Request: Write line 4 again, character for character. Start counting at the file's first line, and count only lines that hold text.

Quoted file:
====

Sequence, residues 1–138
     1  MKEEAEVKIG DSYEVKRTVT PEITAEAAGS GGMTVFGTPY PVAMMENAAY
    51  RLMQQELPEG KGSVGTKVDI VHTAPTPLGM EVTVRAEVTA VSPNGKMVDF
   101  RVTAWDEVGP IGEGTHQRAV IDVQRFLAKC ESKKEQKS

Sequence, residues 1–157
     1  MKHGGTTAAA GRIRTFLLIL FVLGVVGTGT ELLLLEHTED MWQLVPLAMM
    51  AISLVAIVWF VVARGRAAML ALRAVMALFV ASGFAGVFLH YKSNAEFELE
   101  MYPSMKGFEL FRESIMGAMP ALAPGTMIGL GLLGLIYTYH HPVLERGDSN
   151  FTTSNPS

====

   101  RVTAWDEVGP IGEGTHQRAV IDVQRFLAKC ESKKEQKS